The act of making adjustments that make interaction more effective and improve systems is known as process optimisation.
Process optimisation is crucial to achieving greater efficiency, regardless of the industry or sector to which it is applied, as improvement techniques are essential for perfecting manufacturing and design tasks. In this article, we will look at what it is and the benefits it provides.
What is process optimisation?
Process optimisation is a set of activities aimed at increasing the productivity of the system, as well as improving the various steps and techniques. It can be used in most manufacturing operations for almost any production process, such as the optimisation of a new lubricant in a production process achieved by our team, in order to achieve greater efficiency both in the final product and in all its stages.
The goal is to produce great results, with the highest possible quality, using as few resources as possible, including time. In this respect, process optimisation often includes the elimination of unnecessary steps and the introduction of innovations.
It has much in common with continuous improvement, the aim of which is to continuously improve processes, products or services.
This is not only achieved by using models, analyses, prioritisation and measurements that increase productivity, but also involves optimisation of equipment, improvement of processes, protocols, application of new methods and techniques, industrial innovation, layout of facilities, transport and so on.
In fact, process optimisation often involves the introduction of improvements in a number of areas, such as machinery, control loops, quality monitoring, maintenance scheduling, etc., resulting in processes that are generally more efficient.
Steps to carry out process optimisation
The first step is always to identify what needs to be improved. Process optimisation usually covers three main areas:
- Equipment optimisation, i.e. ensuring that all tools work as efficiently as possible.
- Optimisation of operating procedures, i.e. standardising operating procedures based on what is most efficient and delivers the best results.
- Control optimisation, i.e. ensuring that the control loops that manage the processes do not overlap and are as efficient as possibl4
2. Analyse current workflows
Workflows should be carefully examined from three perspectives:
On the one hand, determine whether the staff is adequate and possesses the necessary skills. On the other hand, it will be necessary to evaluate the processes in order to discover the obstacles that are preventing them from running smoothly. And finally, consider whether the tools and technology being used can be improved.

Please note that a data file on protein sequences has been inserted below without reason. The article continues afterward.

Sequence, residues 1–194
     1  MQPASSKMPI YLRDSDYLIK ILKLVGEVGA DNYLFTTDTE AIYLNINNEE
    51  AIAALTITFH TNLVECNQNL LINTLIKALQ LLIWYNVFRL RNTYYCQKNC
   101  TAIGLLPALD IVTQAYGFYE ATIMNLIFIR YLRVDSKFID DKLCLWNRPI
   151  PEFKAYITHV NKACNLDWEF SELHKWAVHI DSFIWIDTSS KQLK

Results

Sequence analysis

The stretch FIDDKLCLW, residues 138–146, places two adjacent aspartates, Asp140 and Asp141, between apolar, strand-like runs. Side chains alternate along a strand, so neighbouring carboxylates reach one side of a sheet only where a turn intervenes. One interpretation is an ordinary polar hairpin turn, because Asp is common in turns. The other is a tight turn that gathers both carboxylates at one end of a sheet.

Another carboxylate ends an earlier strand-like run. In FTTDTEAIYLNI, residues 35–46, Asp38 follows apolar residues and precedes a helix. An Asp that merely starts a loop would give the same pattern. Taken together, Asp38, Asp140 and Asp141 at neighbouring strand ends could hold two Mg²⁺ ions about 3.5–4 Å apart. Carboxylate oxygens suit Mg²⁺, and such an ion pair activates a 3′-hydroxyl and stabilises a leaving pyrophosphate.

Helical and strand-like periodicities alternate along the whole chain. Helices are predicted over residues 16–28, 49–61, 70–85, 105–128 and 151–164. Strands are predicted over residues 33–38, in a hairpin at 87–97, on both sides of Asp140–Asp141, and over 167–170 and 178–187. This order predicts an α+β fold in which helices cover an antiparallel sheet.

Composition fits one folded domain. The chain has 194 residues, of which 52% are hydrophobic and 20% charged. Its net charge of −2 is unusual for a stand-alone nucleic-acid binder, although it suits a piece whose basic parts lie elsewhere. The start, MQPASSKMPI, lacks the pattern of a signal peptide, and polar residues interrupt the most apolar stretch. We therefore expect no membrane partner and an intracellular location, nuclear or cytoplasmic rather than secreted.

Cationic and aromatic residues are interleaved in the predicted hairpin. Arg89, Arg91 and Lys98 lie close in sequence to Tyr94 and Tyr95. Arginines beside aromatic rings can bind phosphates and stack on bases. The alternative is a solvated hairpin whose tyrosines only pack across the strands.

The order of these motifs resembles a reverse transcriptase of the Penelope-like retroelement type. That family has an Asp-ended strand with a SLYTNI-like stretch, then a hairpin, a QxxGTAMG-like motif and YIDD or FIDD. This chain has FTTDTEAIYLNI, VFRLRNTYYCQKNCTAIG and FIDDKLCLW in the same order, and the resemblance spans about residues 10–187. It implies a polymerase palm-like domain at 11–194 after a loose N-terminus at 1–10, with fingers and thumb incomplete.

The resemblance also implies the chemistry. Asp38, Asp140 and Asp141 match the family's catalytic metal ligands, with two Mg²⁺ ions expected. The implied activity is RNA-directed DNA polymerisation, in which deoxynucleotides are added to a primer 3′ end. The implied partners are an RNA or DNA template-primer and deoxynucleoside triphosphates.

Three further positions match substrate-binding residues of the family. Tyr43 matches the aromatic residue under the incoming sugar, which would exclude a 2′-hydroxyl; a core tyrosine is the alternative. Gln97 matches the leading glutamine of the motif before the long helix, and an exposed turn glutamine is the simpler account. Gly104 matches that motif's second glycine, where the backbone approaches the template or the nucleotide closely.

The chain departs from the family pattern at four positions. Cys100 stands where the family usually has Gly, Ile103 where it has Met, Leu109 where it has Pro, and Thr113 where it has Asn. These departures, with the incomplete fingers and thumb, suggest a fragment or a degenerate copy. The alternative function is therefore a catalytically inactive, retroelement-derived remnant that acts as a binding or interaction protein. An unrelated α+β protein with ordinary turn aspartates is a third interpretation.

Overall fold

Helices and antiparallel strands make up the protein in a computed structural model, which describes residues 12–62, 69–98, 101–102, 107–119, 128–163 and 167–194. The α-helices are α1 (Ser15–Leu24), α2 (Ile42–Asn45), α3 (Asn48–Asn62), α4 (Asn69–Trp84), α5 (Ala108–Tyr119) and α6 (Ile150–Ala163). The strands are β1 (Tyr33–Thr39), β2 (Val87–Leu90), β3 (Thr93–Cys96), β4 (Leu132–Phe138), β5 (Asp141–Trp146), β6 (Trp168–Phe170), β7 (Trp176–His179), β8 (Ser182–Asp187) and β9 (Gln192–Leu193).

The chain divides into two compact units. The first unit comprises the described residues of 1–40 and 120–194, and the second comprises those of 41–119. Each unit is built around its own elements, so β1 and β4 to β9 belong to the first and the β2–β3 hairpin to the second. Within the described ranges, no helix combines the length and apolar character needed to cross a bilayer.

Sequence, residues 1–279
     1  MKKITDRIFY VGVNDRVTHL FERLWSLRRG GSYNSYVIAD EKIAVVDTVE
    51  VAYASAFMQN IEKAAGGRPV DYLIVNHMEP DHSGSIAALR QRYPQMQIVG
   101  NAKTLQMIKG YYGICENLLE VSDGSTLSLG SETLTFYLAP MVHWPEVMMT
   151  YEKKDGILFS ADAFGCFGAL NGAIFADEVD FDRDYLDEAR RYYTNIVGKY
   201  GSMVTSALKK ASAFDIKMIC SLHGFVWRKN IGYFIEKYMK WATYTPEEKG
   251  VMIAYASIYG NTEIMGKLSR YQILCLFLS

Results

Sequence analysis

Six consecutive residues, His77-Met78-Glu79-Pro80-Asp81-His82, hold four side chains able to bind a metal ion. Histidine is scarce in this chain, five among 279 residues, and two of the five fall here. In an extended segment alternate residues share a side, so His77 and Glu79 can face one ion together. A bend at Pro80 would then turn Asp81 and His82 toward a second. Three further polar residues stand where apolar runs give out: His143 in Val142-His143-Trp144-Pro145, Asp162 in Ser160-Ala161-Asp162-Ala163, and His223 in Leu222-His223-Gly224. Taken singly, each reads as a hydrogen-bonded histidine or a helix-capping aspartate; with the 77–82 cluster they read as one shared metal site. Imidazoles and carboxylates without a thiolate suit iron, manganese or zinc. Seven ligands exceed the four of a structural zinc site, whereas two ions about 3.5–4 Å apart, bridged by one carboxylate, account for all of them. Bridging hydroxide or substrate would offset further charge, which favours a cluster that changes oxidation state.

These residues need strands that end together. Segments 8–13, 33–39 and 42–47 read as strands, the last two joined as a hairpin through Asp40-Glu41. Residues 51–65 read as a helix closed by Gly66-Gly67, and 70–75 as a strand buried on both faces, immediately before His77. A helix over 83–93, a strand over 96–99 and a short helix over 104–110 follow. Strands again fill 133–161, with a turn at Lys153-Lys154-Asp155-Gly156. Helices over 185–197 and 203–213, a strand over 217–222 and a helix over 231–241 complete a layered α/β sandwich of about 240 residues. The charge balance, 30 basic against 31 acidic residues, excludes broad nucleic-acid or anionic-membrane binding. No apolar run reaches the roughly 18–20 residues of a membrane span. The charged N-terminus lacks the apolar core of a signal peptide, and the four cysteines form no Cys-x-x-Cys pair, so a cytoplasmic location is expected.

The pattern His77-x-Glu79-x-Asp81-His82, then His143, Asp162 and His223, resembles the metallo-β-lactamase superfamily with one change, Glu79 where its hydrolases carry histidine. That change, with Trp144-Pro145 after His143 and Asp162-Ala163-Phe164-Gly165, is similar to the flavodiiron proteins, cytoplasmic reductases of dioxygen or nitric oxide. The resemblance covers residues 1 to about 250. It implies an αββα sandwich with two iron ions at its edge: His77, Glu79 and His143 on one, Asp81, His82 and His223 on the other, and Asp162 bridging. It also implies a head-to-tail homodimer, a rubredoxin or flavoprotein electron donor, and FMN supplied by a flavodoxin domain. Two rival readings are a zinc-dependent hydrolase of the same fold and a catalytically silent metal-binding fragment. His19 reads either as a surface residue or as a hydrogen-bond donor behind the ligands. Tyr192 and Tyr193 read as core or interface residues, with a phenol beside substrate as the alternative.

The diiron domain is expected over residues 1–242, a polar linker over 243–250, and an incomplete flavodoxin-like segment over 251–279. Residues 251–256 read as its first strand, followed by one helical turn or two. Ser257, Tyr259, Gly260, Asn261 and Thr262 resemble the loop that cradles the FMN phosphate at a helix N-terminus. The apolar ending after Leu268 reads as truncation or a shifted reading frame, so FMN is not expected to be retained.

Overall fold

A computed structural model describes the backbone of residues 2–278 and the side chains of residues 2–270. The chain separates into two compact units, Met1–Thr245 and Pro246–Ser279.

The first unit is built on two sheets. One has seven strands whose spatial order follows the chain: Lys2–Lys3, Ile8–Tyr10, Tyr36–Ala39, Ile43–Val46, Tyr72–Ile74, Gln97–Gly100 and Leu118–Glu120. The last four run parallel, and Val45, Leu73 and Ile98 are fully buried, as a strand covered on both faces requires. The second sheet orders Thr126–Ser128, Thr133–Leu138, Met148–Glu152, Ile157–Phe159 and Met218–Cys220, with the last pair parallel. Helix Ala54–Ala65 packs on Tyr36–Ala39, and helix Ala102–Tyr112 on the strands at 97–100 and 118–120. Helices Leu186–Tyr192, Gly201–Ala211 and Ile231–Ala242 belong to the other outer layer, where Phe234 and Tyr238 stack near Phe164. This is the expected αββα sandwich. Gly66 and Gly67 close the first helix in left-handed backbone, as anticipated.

3. Modernise technology
Once the current workflows have been mapped out, it is time to modernise and improve the technology being used. For example, by implementing process improvement, automation and upgrading obsolete equipment and materials with innovative developments.
Automating repetitive, time-consuming tasks is one of the best ways to improve quality and consistency, ensure compliance and reduce costs, while freeing employees to focus on more complex activities that further advance process optimisation.
4. Monitor and control
Once all the improvements necessary for the optimisation of industrial processes are in place, it is time to keep the changes introduced under control and ensure their smooth running and efficiency.
Methodologies to promote process optimisation
The optimisation of industrial processes can be approached using different strategies. However, there are two working dynamics that are very effective, as we will see below.
Continuous improvement, also known as Kaizen, is one of the most widely used quality management methods in industry. It aims to improve productivity, quality, costs and delivery times gradually and iteratively, rather than with a single, large-scale transformation.
Continuous improvement comprises these phases:
- Collect suggestions and identify problems.
- Implementing suggestions to solve problems.
- Monitoring and learning by evaluating the effectiveness of new applications and developments.
Performance support is a method for improving production processes based on learning by doing. It consists of creating learning situations adapted to practical needs at times that require it. For example, when finding innovative solutions.
Benefits of optimising industrial production processes
Process optimisation linked to continuous improvement is a philosophy that eliminates inefficient ways of working to achieve greater productivity and time savings, both at the individual and organisational level. In addition, end products can be brought to market faster, with the resulting competitive advantage.
Thanks to a thorough and regular analysis of industrial processes, problems can be detected and solved in advance, future failures can be predicted, product quality can be improved and workflows can be streamlined accordingly.
In addition, process optimisation also has an impact on key product characteristics such as performance, service life, ease of use and safety.
When you add all these benefits together, what you get is increased customer satisfaction and loyalty, turnover and, of course, product profitability.
With the help of our material innovation experts, you can achieve the process optimisation your products need to achieve higher quality and efficiency. Looking for a solution? Contact INFINITIA Industrial Consulting and tell us about it.